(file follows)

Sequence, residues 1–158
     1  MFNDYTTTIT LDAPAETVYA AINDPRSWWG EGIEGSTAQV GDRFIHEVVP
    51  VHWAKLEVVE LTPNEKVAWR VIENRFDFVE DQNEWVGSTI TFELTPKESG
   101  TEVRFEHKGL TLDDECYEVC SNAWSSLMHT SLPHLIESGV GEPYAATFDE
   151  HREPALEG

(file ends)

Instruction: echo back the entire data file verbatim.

Sequence, residues 1–158
     1  MFNDYTTTIT LDAPAETVYA AINDPRSWWG EGIEGSTAQV GDRFIHEVVP
    51  VHWAKLEVVE LTPNEKVAWR VIENRFDFVE DQNEWVGSTI TFELTPKESG
   101  TEVRFEHKGL TLDDECYEVC SNAWSSLMHT SLPHLIESGV GEPYAATFDE
   151  HREPALEG